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ACRES Burren Aran

Agri-environmental scheme

Arising from the Burren Programme (2015-2022) and Caomhnú Árann (2018-2022), the ACRES Burren Aran Co-operation Project (BUA CP) works with farmers in managing and conserving the rich ecological, archaeological, geological and cultural heritage of the Burren, Aran Islands and South Galway. BUA CP is financed by the Department of Agriculture, Food and the Marine (DAFM).

Three Elements of ACRES CP

Results-based Payments

Farmers can earn up to €7,000 per year in area based payments for managing species-rich pastures, where fields with higher scores receive higher payments. 

Non-Productive Investments

Non-Productive Investments (NPIs) are small scale actions aimed at addressing environmental issues and objectives on the farm. When planned correctly they can help the farmer better manage their farm and contribute to increasing field scores. NPI plans are drawn up between the farmer and farm advisor. Each participant has a budget of €17,500 for the scheme to apply for NPIs and Landscape Actions.

Landscape Actions

Landscape actions are larger-scale actions compared to NPIs with similar objectives of addressing issues on the farm and promoting biodiversity. Landscape Action plans are drawn up by the farmer and the CP Team. They require more specialised site-specific planning and often require obtaining permissions from the relevant statutory bodies.  

BUA Map poster-1.jpg

What are results-based payments?

Results-based payments are annual payments to farmers for ecosystem services delivered. These ecosystem services can range from managing grasslands for biodiversity, ensuring good groundwater quality and the preservation of cultural traditions. The payments are based on the field scores, the higher the score the higher the payment. Fields are scored during the summer, with the surveyor assessing a range of criteria that make up the field score. grazing out fields at the right time to allow for flowers to bloom, clean springs and streams, low levels of encroaching scrub and weeds, and appropriate feeding practices all contribute to a high field score. Conversely, the under-grazing or over-grazing of fields, and issues such as mucky springs, increasing levels of scrub taking over species-rich areas and damaging feeding practices such as ring-feeding can all contribute to reduced field scores. Where scores might be low due to such issues, a range of optional, co-funded actions are available, which the farmer can undertake to help increase the score. Such planned actions come in the form of NPIs and Landscape Actions.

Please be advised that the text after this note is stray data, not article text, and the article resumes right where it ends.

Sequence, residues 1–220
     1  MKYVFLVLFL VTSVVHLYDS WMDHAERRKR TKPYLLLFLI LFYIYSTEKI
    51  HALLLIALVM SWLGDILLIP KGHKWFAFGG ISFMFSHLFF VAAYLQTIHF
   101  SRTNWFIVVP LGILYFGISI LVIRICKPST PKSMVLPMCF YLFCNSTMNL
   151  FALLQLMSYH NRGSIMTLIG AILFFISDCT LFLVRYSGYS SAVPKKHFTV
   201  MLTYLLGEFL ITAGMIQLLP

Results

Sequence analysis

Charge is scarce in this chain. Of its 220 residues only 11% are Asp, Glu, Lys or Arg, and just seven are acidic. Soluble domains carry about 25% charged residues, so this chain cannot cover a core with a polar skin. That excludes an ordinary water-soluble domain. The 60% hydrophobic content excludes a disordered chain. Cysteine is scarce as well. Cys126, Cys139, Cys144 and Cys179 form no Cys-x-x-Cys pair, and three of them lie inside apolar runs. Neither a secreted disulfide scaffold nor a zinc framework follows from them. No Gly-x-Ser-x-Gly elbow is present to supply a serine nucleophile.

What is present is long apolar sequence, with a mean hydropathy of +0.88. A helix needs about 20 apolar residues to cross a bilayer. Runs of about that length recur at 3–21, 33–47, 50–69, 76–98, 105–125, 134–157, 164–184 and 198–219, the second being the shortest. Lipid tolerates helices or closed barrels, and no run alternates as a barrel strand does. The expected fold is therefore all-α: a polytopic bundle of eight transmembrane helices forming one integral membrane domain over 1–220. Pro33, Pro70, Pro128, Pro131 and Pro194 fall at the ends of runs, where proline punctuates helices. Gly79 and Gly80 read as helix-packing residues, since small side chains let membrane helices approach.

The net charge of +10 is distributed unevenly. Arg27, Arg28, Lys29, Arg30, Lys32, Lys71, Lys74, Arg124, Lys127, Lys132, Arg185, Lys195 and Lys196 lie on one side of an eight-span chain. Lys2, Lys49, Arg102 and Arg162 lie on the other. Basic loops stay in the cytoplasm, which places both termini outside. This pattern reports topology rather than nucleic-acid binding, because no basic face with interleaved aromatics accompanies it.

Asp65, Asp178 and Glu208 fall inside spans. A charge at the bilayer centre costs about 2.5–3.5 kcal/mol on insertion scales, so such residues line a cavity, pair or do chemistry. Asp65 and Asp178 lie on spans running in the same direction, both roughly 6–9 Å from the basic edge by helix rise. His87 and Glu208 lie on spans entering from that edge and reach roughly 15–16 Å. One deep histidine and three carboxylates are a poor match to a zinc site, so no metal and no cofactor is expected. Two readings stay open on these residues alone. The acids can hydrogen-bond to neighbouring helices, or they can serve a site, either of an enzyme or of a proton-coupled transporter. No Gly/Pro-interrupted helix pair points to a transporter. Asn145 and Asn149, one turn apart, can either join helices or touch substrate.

What are Non-Productive Investments (NPIs)?

NPIs are small-scale works, nominated by the farmer and are designed to help the farmers manage their farm and contribute to increasing their field scores. For example, springs and streams can be easily damaged by high stock use. Walling off a spring and installing a water trough and pipe are good site enhancement works which can improve water quality and protect these habitats. The farmer can receive financial support (NPI payments) for building the protective wall and installing the pipe and water trough. Other NPIs include removing immature scrub from species-rich pastures, repairing walls, installing gates and enhancing access. NPIs can also come in the form of other types of habitat enhancement or wildlife support actions, such as planting hedgerows and wild bird cover strips, or creating a wildlife pond. 


Clare Burren 



Oileáin Arann

What are Landscape Actions?

Landscape actions are larger-scale works which can be undertaken by farmers within their own farm or in collaboration with other farmers. They can also be more complex or larger scale versions of NPIs which require the CP team to engage with state-bodies to ensure compliance with legislation and planning. For example, removing scrub by machine within an archaeological area in an SAC requires consultation with both the National Parks & Wildlife Service (NPWS) and the National Monuments Service (NMS).

The CP team will endeavor to work with the farmer when undertaking large-scale works which benefit both the farmer and the environment.


Funded by

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